Compelled by the love of Christ to educate, equip, and encourage students for lives of Christian service.

Great teaching and learning can take place just about anywhere, and with the Lord’s blessing it does every day at SLHS- even in our aging science classrooms. Yet, having up-to-date and well-equipped facilities will go a long way in making what we do here even better. Having the

safety of our students as a top priority, and wanting to give them a world-class education – we look forward, with eager excitement, to the blessing of the new science wing.

1:1 means 1 to 1; educationally every student at school has their own electronic device available for them in every class at any time. Currently Shoreland has 307 students enrolled and 78 computers available for them to use. As curriculum changes in Shoreland, students are being asked more and more to create content and not just read and fill out worksheets.

seamlessly integrates with YouTube, Blogger, Lucid Charts, Wallet, and many more websites.

- Mr. Daniel Schulz, Science

An electronic device is not a magic bullet. It doesn't automatically mean test scores will rise. It does not mean student engagement is higher. It does not mean that every teacher will have the students on their device for every class every day. What it does mean is that a new tool is available for learning at any time.

Beginning in the 2014-15 school year, all Shoreland students will be required to bring a Chromebook to school with them every day. A A student needs a device as project based Chromebook is so named because it has no learning is implemented. operating system. Instead, it is Students collaborate to solve based on a Linux kernel and Beginning in the problems and think critically runs entirely in the Google 2014-15 school year about real world situations. Chrome Browser. This allows More importantly, students all Shoreland the Chromebook to have only a make content to help think students will be small fan as a moving part. about and solve problems. There is no hard drive as there required to bring a is no operating system to install. Chromebook to school The students research information, find data, compare This also means there are no with them every day. and analyze possible solutions programs to install and run on and then make or present the the Chromebook. Everything solution. All this is easily done you do is Browser based. in the information age we live in when a Consequently, there are no boot-up issues with student controls their own research and the operating system. There are no issues with program conflicts or viruses. This means actual makes an artifact to demonstrate what they time spent maintaining a Chromebook is almost have learned. nothing. As you can see, education has changed dramatically in the last 25 years. However, Chromebooks easily integrate Google Apps teachers at Shoreland are still for Education (GAFE). Shoreland has used concerned about the spiritual welfare GAFE for three years. It is how email is of each family and will strive to make hosted. Documents, spreadsheets, each student grow academically under presentations, and drawings are made in the guidance of Christ. GAFE. It includes many other items, some of which are forms, calendars, groups, maps, -Mr. Andrew Willems, Director of Technology 7 and contacts which are unique to Google. It Compelled by the love of Christ to educate, equip, and encourage students for lives of Christian service.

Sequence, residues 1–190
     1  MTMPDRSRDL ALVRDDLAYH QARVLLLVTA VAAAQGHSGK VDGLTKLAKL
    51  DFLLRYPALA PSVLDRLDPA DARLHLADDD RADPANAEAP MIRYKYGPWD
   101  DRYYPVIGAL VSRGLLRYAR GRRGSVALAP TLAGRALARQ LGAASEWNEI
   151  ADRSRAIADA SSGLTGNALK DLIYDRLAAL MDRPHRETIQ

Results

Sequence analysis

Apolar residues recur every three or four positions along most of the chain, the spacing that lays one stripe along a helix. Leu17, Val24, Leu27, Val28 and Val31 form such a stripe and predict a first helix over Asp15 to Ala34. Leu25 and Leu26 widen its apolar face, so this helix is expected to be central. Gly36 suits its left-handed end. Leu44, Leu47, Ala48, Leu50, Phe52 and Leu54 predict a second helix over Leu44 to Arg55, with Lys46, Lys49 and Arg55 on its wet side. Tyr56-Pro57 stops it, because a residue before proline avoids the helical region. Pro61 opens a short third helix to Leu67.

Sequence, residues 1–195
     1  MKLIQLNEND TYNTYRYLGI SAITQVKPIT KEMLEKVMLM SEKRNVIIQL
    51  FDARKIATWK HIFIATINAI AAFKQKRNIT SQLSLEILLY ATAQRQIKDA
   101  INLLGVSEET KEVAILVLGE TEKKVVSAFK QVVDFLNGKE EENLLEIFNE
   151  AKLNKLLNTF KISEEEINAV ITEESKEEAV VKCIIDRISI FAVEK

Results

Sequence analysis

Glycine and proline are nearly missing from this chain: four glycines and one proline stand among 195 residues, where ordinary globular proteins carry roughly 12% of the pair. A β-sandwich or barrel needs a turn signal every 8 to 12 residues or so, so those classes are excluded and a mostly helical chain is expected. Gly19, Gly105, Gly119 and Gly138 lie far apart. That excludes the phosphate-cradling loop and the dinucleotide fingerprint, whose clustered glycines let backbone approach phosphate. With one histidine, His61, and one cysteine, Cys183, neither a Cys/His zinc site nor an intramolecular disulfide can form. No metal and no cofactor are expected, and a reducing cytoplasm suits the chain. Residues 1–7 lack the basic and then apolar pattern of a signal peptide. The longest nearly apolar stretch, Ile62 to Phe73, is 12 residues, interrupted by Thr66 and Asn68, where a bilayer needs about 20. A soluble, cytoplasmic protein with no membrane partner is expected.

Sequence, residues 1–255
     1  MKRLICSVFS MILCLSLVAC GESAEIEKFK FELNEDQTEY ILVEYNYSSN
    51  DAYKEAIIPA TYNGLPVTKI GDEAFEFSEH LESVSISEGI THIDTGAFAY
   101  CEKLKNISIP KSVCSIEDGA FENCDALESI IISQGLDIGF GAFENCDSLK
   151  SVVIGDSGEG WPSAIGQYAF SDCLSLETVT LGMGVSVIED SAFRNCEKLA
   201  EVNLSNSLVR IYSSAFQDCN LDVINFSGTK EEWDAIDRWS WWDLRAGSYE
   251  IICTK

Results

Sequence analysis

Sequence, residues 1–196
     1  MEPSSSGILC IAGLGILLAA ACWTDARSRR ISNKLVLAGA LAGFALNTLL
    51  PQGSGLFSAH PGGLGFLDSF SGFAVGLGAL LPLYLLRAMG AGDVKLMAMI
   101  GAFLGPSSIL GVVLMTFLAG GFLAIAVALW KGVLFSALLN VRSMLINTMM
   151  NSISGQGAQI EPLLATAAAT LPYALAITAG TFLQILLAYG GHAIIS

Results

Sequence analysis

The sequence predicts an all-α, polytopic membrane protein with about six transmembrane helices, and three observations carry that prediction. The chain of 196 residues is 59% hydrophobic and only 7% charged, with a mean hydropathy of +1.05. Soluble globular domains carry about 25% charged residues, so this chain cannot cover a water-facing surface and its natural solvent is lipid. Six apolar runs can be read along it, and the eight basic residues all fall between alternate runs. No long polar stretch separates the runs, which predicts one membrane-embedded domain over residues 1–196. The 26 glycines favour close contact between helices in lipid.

Keeping God’s creation clean is a priority of our basketball program. Before the snow started to fly the girls and boys of our basketball teams collected garbage along a stretch of hwy 50. A fun day was had by all!

In November, the Student Council hosted a blood drive. 60 people signed up to donate and we had 39 successful donations. If you would like to participate, the BloodCenter of Wisconsin will be at Shoreland again on March 3, 2014, from 8am-1pm. Look for information in your church bulletins as the time gets closer.

9026 12th Street - PO Box 295 ———————————— Somers, Wisconsin 53171



Phone: 262-859-2595 / fax: 262-859-2783 / email: or